Biological molecules

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Most carbohydrates are monomers - large complex molecules composed of long chains of monomers

Monomers - small basic molecular units e.g. monosaccharides, amino acids, nucleotides

Carbohydrates are made from monosaccharides (e.g. glucose, fructose, galactose):

  • contain C, H, O
  • Glucose is a hexose sugar - 6 C atoms
  • 2 types of glucose ( alpha and beta) theyre isomers (same molecular formula - different connection) alpha has OH below H group on right hand side <<see notes>>

Monosaccharides are joined by condensation reactions - glycosidic bond and H20 - a dissacharide is formed             OH HO becomes O and H2O

glucose + fructose = sucrose                              glucose + galactose = lactose

Reverse --> hydrolysis breaks polymers - breaks carbohydrates into monosaccharides  with H2O

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Benedicts test for sugars (e.g. monosaccharides an

Reducing sugars:

  • include all monosaccharides and some disaccharides
  • Add Benedicts reagent (blue) and heat
  • positive will form a coloured precipitate
  • blue green yellow orange brick red
  • -------> higher concentration ------->
  • could filter and weigh

Non Reducing sugars:

  • if reducing is negative could be non reducing
  • have to break into monosaccharides
  • add dilute hydrochloric acid, heat
  • neutralise with sodium hydrocarbonate
  • then carry out Benedicts test
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Polysaccharides - Loads of sugars joied together. 2+ monosaccharides joind together by a condensation reaction. e.g. a-glucose joined by glycosidic bonds to form amylose

Starch - main energy storage material in plants:

  • cells get energy from glucose. Plants store glucose as starch (breaks down when needed)
  • Starch is a mixture of two polysaccharides of alpha glucose:  Amylose (long branched chain, coiled structure, compact so good for storage, fit more into a small space). Amylopectin (long branched chain, side branches allow the enzymes that break down the molecule to get to the glycosidic bonds easily - glucose released quickly)
  • Insoluble - doesnt affect water potential (doesnt cause osmosis into cells) good for storage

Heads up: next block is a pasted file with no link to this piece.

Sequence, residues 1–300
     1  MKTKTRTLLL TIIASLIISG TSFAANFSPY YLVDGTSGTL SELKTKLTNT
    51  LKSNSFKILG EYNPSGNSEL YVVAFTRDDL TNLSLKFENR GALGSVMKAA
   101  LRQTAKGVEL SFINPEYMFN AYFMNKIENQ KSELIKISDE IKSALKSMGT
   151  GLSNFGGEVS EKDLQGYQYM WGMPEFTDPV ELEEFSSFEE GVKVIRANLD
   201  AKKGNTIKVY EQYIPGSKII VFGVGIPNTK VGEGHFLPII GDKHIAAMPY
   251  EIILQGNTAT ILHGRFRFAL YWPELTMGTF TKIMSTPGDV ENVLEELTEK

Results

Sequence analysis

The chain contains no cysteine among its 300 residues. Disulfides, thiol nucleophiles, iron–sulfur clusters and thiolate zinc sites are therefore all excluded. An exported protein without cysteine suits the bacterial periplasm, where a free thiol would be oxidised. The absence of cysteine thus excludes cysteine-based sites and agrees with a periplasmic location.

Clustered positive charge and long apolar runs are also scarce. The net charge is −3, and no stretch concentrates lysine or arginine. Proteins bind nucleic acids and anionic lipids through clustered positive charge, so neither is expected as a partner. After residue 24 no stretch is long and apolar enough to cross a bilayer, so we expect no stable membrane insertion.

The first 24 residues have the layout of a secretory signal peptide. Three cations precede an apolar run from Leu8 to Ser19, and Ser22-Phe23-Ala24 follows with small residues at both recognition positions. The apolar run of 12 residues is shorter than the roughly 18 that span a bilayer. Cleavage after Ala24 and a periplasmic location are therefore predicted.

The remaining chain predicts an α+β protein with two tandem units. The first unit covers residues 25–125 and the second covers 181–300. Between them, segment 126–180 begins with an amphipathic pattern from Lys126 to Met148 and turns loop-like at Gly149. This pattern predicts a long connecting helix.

Iodine test for starch: Add iodine in potassium solution. Changes from browny orange to blue black

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Glycogen - main storage material in animals:

  • animals store glucose as glycogen (polysaccharide and a-glucose)
  • Structure similar to amylopectin - more side branches - stored glucose can be released quickly
  • compact molecule - good for storage

Cellulose - major component of cell walls in plants:

  • long unbranched chains of beta-glucose
  • beta-glucose molecules' bonds - form straight cellulose chains
  • chains linked by hydrogen bonds to form strong fibres called microfibrils. Structural support.
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(Fats and Oils)      Contain C H O

Used as: Energy store (chemical energy in tails) , Insulation, Protection (kidney), Waterproofing, Buoyancy

Insoluble - because of their tails - doesnt affect water potential of cell and cause water to enter through osmosis

Triglyceride: glycerol and three fatty acid chains (hydrocarbon, hydrophobic tails)

Glycerol's H forms ester bond with OH from carboxyl group in condensation reaction. (hydrolysis reverse)

Fatty acid chains contain carboxyll and r group <<see notes>> Saturated - no double bonds between C atoms. Unsaturated - double bonds between C atoms (monounsaturated - one C=C)

The more C=C, the more unsaturated and so the more bends - cant get as close together so liquid at room temperature

Test by adding ethanol, shaking, adding water. Cloudy white suspension means lipid (emulsion)

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Made from Long chains of amino acids (monomers of proteins - 2 = dipeptide, 3+ = polypeptide) - poteins are made of one or more polypeptide

AA have a carboxyl group (-COOH), an amine group (-NH2) and an R group (variable group)<book>

Polypeptides are formed by condensation reactions - peptide bonds - <see diagram>

on sheet

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